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Factbox: Islam in West Africa

ICC Note

This report by Reuters indicates the role of Islam in West Africa. The growth of Islamic radicalism has increased persecution of Christians Africa. Radical Islam has also posed security threats to many countries in Africa.

06/28/2012 Nigeria (Reuters)-Al Qaeda-linked Islamists declared on Thursday they had secured full control of Mali’s desert north from separatist rebels with whom they had temporarily joined forces to seize territory earlier this year [ID:nL6E8HSFJ7].

Separatist Tuareg-led MNLA rebels and armed Islamist groups, swept through northern Mali in March and April and declared an independent state of “Azawad” in the north after routing the regular troops, in disarray after a March 22 coup in the West African country.

The Tuareg separatists said they wanted an independent secular state while the Islamists said their objective was to impose sharia or Islamic law across the whole of Mali, which mostly follows a moderate form of Islam.

The relationship between the state and Islam differs significantly across western Africa, in part because of variations in the complex interaction between Islam and ethnic politics.

Here is a look at Islam in a few West African countries:


– Islam arrived in sub-Saharan West Africa as early as the 8th century, travelling with Arab traders from North Africa. The Muslim merchants brought trade and goods to exchange for gold and facilitated trade by introducing concepts such as contract law and credit arrangements. They were valued also for the literacy they brought, which African rulers quickly discovered could help them administer their kingdoms.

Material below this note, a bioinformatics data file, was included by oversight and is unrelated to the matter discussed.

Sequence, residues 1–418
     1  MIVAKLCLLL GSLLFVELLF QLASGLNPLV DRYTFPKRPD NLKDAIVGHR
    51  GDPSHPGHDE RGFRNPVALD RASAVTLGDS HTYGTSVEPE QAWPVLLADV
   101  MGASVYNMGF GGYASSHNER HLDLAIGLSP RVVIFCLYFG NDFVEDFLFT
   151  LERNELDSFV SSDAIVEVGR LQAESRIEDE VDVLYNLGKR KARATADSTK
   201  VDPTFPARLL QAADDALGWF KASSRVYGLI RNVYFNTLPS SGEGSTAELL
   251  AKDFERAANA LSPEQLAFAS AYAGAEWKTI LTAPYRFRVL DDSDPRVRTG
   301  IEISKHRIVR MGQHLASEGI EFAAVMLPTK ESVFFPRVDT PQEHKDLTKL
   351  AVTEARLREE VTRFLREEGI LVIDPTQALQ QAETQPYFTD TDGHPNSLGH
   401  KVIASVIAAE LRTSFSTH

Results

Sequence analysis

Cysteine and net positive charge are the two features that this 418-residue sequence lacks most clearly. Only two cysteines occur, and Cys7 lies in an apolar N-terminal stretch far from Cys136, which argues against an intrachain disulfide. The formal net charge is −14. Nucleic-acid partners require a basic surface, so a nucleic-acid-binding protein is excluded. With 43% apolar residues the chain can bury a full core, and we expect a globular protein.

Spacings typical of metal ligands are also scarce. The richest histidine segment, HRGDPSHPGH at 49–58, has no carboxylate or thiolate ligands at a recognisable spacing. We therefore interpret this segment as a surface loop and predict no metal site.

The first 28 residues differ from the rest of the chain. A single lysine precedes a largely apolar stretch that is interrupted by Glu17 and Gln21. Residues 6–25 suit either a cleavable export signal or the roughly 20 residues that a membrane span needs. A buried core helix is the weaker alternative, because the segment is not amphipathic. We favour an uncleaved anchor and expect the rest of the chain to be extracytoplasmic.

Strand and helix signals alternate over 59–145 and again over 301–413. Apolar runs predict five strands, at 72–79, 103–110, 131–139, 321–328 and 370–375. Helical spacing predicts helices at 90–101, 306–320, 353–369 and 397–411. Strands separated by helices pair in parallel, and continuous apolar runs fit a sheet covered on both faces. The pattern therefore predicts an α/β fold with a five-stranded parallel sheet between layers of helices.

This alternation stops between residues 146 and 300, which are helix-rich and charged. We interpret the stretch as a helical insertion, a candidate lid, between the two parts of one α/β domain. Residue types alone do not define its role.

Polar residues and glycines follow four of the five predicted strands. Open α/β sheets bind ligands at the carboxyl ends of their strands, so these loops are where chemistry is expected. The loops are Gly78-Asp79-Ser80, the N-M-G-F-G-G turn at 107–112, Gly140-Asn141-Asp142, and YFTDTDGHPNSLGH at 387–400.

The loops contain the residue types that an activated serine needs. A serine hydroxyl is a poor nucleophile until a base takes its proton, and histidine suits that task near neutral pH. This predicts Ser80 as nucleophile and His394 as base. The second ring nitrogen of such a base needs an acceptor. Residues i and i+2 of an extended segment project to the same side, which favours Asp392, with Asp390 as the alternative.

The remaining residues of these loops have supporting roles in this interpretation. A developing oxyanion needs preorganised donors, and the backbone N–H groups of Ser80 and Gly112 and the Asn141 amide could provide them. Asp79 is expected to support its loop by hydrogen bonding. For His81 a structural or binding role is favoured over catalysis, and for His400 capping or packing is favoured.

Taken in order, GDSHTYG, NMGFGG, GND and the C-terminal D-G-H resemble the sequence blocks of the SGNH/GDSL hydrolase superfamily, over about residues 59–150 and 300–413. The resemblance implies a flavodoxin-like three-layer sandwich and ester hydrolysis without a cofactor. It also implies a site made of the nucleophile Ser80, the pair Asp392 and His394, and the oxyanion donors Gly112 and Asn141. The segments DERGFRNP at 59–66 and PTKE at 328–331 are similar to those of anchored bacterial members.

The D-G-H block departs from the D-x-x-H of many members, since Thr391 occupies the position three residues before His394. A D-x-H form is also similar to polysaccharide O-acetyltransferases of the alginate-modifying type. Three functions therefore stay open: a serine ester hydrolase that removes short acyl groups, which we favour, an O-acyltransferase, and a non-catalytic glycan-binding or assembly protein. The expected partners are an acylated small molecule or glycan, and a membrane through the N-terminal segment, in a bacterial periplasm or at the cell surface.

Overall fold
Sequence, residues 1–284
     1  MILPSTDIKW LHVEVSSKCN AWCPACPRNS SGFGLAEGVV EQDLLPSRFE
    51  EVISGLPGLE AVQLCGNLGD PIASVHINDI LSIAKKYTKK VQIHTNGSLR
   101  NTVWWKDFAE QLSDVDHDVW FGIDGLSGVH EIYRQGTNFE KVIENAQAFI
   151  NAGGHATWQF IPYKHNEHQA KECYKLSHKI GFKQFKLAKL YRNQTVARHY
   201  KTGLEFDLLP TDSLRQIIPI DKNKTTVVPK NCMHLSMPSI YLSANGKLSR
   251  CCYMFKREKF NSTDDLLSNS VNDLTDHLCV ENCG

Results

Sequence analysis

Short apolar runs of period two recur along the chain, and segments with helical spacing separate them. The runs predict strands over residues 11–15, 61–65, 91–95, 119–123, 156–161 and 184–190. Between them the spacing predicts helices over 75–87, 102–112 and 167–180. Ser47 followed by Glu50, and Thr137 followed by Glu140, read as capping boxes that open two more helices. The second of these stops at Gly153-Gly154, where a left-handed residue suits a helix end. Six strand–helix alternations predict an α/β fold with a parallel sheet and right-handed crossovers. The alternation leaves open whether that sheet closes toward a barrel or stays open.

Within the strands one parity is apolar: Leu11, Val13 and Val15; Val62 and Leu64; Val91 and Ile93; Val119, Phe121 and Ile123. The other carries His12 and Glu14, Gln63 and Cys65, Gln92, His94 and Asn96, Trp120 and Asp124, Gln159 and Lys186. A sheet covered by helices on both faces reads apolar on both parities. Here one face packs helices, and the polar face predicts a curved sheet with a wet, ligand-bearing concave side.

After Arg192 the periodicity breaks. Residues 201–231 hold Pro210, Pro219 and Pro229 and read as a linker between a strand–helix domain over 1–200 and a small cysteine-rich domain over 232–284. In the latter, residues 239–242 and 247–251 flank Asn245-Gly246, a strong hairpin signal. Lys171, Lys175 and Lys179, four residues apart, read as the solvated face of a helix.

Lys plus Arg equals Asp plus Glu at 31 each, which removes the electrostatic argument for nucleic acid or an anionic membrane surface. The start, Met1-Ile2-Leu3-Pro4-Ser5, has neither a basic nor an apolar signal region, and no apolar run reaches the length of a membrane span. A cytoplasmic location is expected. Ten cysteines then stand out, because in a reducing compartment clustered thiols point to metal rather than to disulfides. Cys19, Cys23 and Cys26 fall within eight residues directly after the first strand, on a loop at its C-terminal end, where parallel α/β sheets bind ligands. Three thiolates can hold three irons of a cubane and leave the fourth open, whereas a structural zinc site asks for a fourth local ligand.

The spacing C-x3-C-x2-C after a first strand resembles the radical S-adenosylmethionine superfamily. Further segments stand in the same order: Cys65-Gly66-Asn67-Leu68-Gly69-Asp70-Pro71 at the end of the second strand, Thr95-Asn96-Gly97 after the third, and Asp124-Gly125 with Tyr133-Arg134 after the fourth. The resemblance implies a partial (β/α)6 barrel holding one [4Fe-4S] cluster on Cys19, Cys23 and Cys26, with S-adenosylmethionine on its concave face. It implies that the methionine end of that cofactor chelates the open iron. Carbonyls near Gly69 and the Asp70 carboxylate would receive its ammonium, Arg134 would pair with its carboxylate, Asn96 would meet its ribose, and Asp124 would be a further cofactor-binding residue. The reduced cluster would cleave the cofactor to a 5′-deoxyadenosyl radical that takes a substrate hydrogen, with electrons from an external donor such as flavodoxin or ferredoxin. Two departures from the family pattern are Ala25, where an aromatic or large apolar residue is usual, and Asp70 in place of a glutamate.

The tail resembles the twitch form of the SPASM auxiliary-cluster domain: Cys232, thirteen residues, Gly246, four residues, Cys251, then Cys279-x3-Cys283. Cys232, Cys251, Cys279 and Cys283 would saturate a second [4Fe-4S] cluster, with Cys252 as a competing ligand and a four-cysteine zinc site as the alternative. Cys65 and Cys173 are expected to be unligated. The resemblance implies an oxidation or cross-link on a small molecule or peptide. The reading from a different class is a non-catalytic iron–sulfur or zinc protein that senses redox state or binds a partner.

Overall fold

– Today, countries to the north of the region such as Gambia, Guinea, Mauritania, Mali and Niger are predominantly Muslim. To the south of the region, in countries such as modern Ghana, Muslims are in the minority.


– However tension between the two communities has been a part of the landscape of Nigerian politics since independence in 1960 and problems have been exacerbated recently by the election of Goodluck Jonathan as president. He is a Christian southerner, and in the eyes of many Muslim northerners it was a northerner’s turn to rule.

– The shadowy Islamist sect Boko Haram has attacked Christians, possibly hoping to trigger a religious conflict.


– A religious, economic and social force with no real parallel elsewhere, Senegal’s Brotherhoods are a pillar of the moderate Sunni Islam espoused by over 90 percent of the nation who co-exist with minority Christians and others.


– In Mauritania throughout the 1990’s, political liberalization allowed Islamists to participate in elections as participants and the Tawassoul party became a significant minority moderate voice. However there are more hardline Salafi activists in poorer areas.

– However Bamako has accused the Tuaregs of lending support to al Qaeda in the Islamic Maghreb (AQIM) by sharing their desert expertise and navigational skills, opening up their trade networks. It would be impossible for AQIM to operate in northern Mali without some sort of acceptance by the Tuaregs, some Sahel researchers have said.

– AQIM had its roots in Algeria’s Salafist movement, but has pushed south into the lawless Sahel region in recent years where it funds operations by collecting kidnap ransoms and by siphoning off the West African drugs trade. AQIM has established an operating base for itself in the Sahara desert – spanning northern Mali, Niger, Mauritania – by exploiting the vast expanses, official corruption and weak militaries in the region.

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